Asian-American Groups Seek Investigation Into Ivy League Admissions
The Wall Street Journal
By Douglas Belkin
May 23, 2016
Organizations seek DOE probe of Brown, Dartmouth, Yale, citing rise of qualified Asian applications but not acceptances.
A coalition of Asian-American organizations asked the Department of Education on Monday to investigate Brown University, Dartmouth College and Yale University, alleging they discriminate against Asian-American students during the admissions process.While the population of college age Asian-Americans has doubled in 20 years and the number of highly qualified Asian-American students “has increased dramatically,” the percentage accepted at most Ivy League colleges has flatlined, according to the complaint. It alleges this is because of “racial quotas and caps, maintained by racially differentiated standards for admissions that severely burden Asian-American applicants.”The schools named in the complaint all said they used a holistic approach and evaluated each applicant individually in an effort to build a diverse class.
The complaint, said a spokesman from Brown, is without merit.
The complaint is the latest in a long line against selective colleges on behalf of Asian-American applicants, but the Education Department has never found that schools are deliberately discriminating against members of that group.
The Education Department does not confirm receipt of complaints. Last year the Education Department dismissed a complaint against Harvard University, deferring to the much-anticipated Supreme Court ruling on the race-conscious undergraduate admission policy at the University of Texas at Austin. Oral arguments for that case were heard in December.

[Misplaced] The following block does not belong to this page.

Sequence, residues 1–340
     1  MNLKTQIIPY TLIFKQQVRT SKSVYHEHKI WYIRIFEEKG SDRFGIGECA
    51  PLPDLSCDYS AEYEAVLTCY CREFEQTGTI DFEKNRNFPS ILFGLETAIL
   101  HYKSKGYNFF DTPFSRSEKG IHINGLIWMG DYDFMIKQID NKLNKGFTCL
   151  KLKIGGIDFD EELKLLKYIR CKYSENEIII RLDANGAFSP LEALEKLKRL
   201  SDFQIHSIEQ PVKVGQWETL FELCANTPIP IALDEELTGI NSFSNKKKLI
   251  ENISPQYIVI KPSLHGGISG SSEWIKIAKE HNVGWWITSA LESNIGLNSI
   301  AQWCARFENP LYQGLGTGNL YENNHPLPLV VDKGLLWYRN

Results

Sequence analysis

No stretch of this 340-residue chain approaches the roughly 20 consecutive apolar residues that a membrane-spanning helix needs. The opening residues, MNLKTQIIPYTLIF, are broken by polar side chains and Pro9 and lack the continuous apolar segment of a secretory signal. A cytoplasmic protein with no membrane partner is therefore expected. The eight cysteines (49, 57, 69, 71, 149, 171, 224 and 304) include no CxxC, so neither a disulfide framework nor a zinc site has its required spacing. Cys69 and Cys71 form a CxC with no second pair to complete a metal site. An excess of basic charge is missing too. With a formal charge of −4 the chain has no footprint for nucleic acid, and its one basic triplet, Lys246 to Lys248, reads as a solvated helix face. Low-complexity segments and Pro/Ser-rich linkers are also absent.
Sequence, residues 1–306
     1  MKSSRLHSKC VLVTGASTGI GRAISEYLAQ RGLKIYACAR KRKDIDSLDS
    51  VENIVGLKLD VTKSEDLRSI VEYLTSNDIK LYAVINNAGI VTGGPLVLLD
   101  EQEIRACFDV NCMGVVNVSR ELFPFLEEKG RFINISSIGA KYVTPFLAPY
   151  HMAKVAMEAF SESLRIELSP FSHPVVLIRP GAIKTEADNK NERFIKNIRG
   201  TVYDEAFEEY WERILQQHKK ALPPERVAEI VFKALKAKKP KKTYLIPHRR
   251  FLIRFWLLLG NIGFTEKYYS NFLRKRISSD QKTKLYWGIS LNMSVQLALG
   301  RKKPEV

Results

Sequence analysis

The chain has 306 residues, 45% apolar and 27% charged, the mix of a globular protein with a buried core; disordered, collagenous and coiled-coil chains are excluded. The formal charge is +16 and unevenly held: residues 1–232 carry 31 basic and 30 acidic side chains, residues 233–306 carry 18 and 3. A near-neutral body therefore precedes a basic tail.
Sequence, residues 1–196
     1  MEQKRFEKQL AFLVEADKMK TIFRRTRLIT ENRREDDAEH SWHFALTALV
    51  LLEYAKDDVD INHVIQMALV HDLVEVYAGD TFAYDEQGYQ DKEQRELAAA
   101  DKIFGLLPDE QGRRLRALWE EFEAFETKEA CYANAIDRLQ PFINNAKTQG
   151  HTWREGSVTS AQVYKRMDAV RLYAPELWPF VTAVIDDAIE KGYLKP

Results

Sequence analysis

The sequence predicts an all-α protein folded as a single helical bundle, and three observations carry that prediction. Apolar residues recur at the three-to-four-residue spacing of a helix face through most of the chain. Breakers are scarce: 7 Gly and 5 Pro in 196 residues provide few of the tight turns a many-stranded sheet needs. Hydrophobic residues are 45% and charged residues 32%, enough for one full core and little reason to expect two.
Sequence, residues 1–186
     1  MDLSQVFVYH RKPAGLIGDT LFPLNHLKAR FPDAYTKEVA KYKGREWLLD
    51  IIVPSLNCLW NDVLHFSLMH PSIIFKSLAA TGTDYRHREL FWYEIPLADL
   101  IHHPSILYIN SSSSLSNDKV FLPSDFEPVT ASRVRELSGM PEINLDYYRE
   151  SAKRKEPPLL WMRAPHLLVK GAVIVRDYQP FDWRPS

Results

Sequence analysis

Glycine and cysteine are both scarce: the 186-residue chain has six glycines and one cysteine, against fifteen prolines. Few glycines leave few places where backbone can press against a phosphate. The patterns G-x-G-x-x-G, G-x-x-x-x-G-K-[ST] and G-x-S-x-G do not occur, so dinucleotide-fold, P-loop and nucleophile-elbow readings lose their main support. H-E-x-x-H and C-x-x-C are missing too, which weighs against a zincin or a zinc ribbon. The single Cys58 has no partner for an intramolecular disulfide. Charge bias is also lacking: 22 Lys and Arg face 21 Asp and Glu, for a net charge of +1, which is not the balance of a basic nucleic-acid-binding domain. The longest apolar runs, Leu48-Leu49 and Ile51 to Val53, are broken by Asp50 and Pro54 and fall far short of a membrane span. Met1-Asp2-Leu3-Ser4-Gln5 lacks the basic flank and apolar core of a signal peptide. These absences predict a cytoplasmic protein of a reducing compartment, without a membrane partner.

The complaint filed Monday by the Asian-American Coalition for Education, which consists of more than 100 organizations, makes many of the same points as the previous complaint against Harvard. It charges that the number of Asian-Americans at the three schools is capped and a special “just-for-Asians admissions standard” is in place. Admissions officers “often treat Asian-American applicants as a monolithic block rather than as individuals, and denigrate these applicants as lacking in creativity/critical thinking and leadership skills/risk taking.”
In an accompanying petition, the group said it filed this complaint because even if it hits a legal wall it will generate social and political pressure. After the Department of Education started investigating Harvard in 1988, its admission rate of Asian-Americans jumped to 16.1% in 1991 from 10.8%. After students filed a complaint against Princeton in 2006, its admission rate increased to 25.4% in 2014 from 14.7% in 2007.
In the past decade, the percentage of Asian-American undergraduates at the three schools has been in the midteens. The complaint says the percentage of college age Asian-Americans in the general population is less than half of that.
Support among Asian-Americans isn’t monolithic. A group calling itself Asian Americans Advancing Justice issued a statement on Monday saying it fully supports affirmative action in higher education.
The complaint against Harvard last year cited third-party academic research on the SAT exam showing that Asian-Americans have to score on average about 140 points higher than white students, 270 points higher than Hispanic students and 450 points higher than African-American students to equal their chances of gaining admission to Harvard. The exam is scored on a 2400-point scale.
The concentration of so many accomplished Asian-American students diminishes the odds of admission, said Nat Smitobol, a counselor at IvyWise, a New York-based college admissions service.
“It’s tougher for Asians to be successful because they’re competing against a pool that’s quite saturated,” said Mr. Smitobol.
He suggested some Asian-American students may benefit by not checking the box on the application acknowledging they are Asian, stressing extracurricular activities that aren’t typical for Asian-American students or applying to schools or majors that don’t attract a lot of Asian-American students.
He noted that international Chinese students are beginning to apply in greater numbers to non-STEM (science, technology, engineering and mathematics) programs to improve their chances of acceptance.